Chile could become IT hub of Latin America, says Financial Times

“Cultural similarities to the US, time-zone capability and a tech-savvy demographic” are giving the Chilean tech industry an upper hand.

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The Financial Times, one of the world’s most respected broadsheets, suggests that Chile is becoming a regional hub in the information technology industry.

Though the industry only constitutes a small percentage of the nation’s entire economy – just 1.7 percent – in 2010 its income grew 18.5 percent to US$3.5 billion. The Financial Times says it is “positioning itself both to lure technology companies to the region and to export IT services like software design, online banking services and digital marketing, especially to the US.”

Chile has more than 500 IT companies, including Coasin Global Services, Datco, Eticsa, Excelsys, Ki Technology, NovaRed and Synapsis. More than 60 multinationals have opened offices in Chile including McAfee, Certifica and Worleyparsons. University IT courses in Chile also have the highest growth rate compared with courses involving economic sectors.

In a look at government-backed non-proft Chile-IT, the Financial Times interviewed CEO Carlos Fernández, who outlined that investment in the industry is running at about US$4 billion per year and growing at an annual rate of 8 to 10 percent.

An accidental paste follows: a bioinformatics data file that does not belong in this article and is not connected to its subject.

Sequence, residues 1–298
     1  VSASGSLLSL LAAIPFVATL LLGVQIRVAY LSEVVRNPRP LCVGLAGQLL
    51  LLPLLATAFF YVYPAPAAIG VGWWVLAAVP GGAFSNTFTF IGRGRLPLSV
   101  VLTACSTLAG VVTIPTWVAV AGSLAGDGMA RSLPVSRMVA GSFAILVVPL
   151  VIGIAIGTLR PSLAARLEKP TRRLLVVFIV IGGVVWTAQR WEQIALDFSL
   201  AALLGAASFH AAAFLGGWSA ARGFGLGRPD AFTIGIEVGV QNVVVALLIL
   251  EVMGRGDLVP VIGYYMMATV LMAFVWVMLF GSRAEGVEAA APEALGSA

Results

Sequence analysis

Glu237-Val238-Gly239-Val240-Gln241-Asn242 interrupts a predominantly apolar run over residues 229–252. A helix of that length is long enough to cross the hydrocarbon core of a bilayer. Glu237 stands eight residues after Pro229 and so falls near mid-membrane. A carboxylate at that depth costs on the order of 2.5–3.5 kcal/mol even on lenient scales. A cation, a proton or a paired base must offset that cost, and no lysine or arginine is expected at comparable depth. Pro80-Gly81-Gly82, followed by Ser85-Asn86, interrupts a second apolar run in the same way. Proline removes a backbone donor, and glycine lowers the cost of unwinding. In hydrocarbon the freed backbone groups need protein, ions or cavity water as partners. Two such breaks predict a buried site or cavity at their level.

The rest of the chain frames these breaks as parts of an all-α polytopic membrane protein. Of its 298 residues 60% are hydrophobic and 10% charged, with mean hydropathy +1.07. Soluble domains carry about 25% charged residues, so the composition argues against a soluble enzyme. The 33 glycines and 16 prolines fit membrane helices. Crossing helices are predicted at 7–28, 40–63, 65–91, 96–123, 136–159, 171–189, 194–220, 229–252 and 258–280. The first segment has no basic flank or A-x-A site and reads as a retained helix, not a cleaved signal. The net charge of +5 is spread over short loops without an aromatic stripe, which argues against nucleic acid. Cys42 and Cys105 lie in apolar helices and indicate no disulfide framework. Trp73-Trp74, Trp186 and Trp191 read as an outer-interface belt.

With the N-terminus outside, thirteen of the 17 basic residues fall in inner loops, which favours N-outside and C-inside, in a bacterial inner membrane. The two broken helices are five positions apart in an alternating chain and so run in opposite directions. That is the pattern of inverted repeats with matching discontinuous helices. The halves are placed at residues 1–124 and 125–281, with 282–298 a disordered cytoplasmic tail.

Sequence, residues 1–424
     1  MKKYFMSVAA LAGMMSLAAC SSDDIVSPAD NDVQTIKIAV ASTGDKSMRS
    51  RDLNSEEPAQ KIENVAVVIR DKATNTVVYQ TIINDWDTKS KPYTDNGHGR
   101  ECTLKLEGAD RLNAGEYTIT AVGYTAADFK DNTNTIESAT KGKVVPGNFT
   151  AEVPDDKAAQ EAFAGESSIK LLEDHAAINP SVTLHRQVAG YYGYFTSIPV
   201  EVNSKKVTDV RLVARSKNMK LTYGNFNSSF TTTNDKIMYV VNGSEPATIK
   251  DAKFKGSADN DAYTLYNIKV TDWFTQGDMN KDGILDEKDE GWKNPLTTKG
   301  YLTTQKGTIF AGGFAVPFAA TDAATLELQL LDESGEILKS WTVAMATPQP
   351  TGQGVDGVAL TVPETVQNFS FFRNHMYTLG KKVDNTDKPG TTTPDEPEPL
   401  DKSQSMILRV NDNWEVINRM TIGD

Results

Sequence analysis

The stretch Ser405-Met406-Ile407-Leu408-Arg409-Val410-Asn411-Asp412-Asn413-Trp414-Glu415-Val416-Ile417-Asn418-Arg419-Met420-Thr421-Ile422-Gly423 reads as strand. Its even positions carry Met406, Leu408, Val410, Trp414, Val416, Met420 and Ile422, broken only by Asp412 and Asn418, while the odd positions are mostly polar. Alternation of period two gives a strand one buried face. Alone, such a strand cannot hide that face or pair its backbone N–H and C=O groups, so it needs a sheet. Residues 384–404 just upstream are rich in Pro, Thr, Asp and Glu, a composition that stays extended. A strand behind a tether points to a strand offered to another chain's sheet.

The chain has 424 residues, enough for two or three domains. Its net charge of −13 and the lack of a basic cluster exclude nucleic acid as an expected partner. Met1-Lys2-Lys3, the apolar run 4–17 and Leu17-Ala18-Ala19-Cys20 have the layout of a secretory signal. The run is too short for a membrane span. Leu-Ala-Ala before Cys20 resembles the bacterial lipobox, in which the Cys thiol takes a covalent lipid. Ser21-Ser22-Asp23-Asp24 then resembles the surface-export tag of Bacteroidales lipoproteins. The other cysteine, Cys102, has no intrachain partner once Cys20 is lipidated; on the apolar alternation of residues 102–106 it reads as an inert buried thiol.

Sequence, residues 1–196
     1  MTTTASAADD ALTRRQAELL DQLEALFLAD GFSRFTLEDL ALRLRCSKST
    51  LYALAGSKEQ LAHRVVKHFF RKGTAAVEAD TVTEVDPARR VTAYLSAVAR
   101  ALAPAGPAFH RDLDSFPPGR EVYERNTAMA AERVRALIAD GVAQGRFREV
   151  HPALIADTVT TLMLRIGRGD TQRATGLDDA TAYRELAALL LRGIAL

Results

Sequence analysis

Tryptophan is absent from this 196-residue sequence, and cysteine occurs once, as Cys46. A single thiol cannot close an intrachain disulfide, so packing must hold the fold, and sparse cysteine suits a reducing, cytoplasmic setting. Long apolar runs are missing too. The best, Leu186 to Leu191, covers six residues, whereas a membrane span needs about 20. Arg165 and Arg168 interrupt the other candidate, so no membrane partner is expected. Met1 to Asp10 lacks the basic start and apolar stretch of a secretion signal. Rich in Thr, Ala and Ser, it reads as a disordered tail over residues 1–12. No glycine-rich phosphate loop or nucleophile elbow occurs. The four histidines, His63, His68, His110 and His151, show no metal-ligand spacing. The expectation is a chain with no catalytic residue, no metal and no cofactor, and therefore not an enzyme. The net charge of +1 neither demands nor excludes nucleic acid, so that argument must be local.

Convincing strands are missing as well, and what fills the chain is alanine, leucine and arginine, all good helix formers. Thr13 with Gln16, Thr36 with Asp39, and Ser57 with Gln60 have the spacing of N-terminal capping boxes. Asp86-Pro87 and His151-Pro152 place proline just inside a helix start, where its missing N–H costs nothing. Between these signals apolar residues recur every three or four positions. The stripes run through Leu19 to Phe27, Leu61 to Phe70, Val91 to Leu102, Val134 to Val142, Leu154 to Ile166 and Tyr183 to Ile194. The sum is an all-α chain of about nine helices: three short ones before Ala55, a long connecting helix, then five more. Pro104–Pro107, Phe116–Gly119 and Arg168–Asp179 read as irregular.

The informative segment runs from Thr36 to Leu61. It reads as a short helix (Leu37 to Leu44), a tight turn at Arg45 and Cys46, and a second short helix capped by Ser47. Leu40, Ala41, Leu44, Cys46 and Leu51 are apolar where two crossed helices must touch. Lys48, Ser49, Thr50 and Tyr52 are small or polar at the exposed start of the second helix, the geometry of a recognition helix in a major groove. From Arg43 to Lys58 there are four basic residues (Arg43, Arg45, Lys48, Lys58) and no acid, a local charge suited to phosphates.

Chile-IT, Fernández said, seeks to spur the development of the industry and develop partnerships in the North American market where Chilean companies can provide IT expertise to local companies.

During the interview with the Financial Times, he said “we are being recognised more and more as a leader in the global market. With cultural similarities to the U.S., time-zone capability and a tech-savvy demographic, Chile is becoming a centralized IT hub for South America. The government is firmly committed to making the technology industry a priority and we are excited about the continuing growth of the industry in 2011 and beyond.”

While some Brazilian and Mexican companies are operating in a similar field, Fernández says he believes Chile is carving out a niche for itself amongst other competitive economies in the region.